“Consumer confidence has remained at a very favorable level, although slipping somewhat from mid-month. The Sentiment Index has been higher during the first eight months of 2017 than in any year since 2000, which was the peak year of the longest expansion in U.S. history. The renewed strength in 2017 was mainly due to consumers’ favorable assessments of their own financial situations. Lows in unemployment, inflation, and interest rates, as well as renewed gains in the value of their homes and stock portfolios, pushed personal financial evaluations to near all-time peaks. When asked about news of recent developments, surprisingly few consumers made any reference to Charlottesville, North Korea, or Harvey-although too few interviews were conducted to fully assess the storm’s ultimate impact. Harvey may diminish the 3rd quarter pace of economic growth, and higher gas prices will directly impact consumers. Prior to the storm, consumers anticipated no increase in gas prices in the year ahead (an expected change of just +0.4 cents). Given the current resilience of consumers, temporary increases in gas prices as well as a brief period of weakness in economic growth and employment are unlikely to derail confidence. Nonetheless, all of these events are more likely to increase precautionary motives and to slightly temper spending trends.”
University of Michigan, “UOM Consumer Confidence Index (Final). Aug 2017“, 1 Sep 2017 (10:00) More
Global: JP Morgan Manufacturing PMI. Aug 2017 (Final)
Press Release Extract [ser_67]
“August saw a further acceleration in the rate of expansion of the global manufacturing sector. The J.P.Morgan Global Manufacturing PMI™ rose to a 75-month high of 53.1, up from 52.7 in July, and has now remained above the neutral 50.0 mark throughout the past one-and-a-half years.
Growth was evenly distributed across the consumer, intermediate and investment goods sectors during August, with similar PMI readings registered for each of these categories. Moreover, rates of improvement picked up in all three cases.
Developed nations outperformed (on average) emerging markets again in August. The euro area Manufacturing PMI matched June’s six-year record, while growth in the UK was among the best seen since mid-2014. Expansions were also registered in the US, Japan and Canada.
Growth across the emerging markets also accelerated during August. PMI readings hit six- and four-month highs in China and Taiwan respectively, and moved back into expansion territory in both Brazil and India. Growth slowed slightly in Russia, whereas contractions were seen in Thailand and Myanmar.
Global manufacturing production rose at the fastest pace in four months, underpinned by the steepest upturn in new work since March. International trade flows also strengthened, as new export business rose at the fastest pace in almost six-and-a-half years.
The upswing in new order intakes exerted pressure on capacity, leading to rising backlogs of work and improved jobs growth. Employment increased at the quickest pace since June 2011, as staffing levels rose in almost all of the nations covered by the August survey. Notable exceptions were job losses in China, Russia, Brazil and Thailand.
Commenting on the survey, David Hensley, Director of Global Economic Coordination at J.P.Morgan, said:
“The upturn in the global manufacturing sector is gathering pace in the third quarter, with August seeing the Manufacturing PMI rise to its highest level in over six years. Rates of expansion in output and new orders also accelerated, underpinning a further solid bounce in job creation. Although price pressures and supply-side constraints are rising, the sector should have sufficient momentum to sustain its current robust expansion.””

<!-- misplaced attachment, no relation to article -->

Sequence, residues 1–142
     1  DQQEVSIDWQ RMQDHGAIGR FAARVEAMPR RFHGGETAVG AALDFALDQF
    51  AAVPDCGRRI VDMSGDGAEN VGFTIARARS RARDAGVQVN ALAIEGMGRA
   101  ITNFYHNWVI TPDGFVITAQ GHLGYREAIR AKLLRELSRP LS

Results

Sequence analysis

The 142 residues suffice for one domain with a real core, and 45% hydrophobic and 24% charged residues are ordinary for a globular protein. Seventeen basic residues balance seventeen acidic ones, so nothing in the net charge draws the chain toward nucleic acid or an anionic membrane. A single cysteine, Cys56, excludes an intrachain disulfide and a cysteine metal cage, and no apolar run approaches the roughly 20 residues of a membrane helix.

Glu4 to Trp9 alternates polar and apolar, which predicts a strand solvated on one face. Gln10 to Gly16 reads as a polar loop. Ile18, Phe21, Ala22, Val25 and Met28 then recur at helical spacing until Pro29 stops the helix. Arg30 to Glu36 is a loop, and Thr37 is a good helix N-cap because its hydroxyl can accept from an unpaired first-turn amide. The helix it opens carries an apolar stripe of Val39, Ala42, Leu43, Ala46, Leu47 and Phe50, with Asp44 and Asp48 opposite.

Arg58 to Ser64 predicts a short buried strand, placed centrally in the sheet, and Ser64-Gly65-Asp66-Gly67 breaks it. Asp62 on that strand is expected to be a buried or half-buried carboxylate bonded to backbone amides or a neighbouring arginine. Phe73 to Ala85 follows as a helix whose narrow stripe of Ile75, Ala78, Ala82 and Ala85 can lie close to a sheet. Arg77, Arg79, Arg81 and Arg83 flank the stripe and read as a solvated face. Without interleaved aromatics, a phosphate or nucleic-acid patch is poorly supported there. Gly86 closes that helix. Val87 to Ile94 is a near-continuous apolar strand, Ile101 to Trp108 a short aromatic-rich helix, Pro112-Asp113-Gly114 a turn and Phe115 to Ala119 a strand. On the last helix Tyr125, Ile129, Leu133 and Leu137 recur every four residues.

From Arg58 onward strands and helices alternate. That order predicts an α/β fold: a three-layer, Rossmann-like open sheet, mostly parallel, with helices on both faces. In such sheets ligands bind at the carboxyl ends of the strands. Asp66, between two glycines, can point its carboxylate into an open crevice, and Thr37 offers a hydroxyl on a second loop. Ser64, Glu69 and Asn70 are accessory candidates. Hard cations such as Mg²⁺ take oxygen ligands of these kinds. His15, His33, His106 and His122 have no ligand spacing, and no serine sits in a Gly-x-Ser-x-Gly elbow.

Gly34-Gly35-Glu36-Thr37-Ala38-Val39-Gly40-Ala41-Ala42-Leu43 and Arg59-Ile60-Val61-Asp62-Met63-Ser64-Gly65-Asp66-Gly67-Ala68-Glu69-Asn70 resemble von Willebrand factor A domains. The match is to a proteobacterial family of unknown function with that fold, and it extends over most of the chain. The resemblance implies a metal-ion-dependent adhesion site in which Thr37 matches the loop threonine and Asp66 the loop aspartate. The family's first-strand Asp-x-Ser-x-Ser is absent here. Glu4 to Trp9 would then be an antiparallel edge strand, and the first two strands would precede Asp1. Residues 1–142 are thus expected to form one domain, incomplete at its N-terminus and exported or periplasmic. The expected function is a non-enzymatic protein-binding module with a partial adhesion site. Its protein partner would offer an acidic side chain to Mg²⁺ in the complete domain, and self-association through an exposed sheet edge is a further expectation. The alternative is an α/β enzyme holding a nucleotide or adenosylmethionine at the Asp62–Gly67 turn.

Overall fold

J.P.Morgan and IHS Markit in association with ISM and IFPSM, “Global Manufacturing PMI. Aug 2017 (Final)“, 1 Sep 2017 More
Nikkei Japan Manufacturing PMI. Aug 2017
Press Release Extract [ser_68]
- Output and new orders continue to increase
- Domestic and international demand reported to have strengthened
- Job creation maintained at solid rate
The Japanese manufacturing sector continued to experience improving operating conditions during August, with output, new orders and employment all registering expansion. Strengthened demand from both domestic and international sources (especially China) was widely reported by panellists.
Price data showed that inflationary pressures continued to dissipate, with input costs rising to the slowest degree of 2017 so far. Output charges were increased only slightly as a result.
The headline Japan Manufacturing Purchasing Managers’ Index™ (PMI)® – a composite single- figure indicator of manufacturing performance – was little changed during August at a level of 52.2 (July: 52.1). The latest reading was indicative of solid growth, and the PMI has now recorded above the 50.0 no-change mark for 12 successive months.
Underpinning the ongoing expansion of the sector was a further increase in manufacturing output, the thirteenth in as many months. The rate of expansion was solid, and the best recorded since May. Panellists reported that a combination of backlog depletion – latest data showed a second successive monthly fall in outstanding business – and rising levels of new work supported production.
Overall new work increased during August for an eleventh successive month amid reports of higher domestic and international demand. New export orders rose modestly with manufacturers noting higher sales to clients based in China.
Stronger growth in production also enabled firms to bolster warehouse inventories over the month. August’s survey indicated that stocks of finished goods rose marginally following a slight decline in the previous month.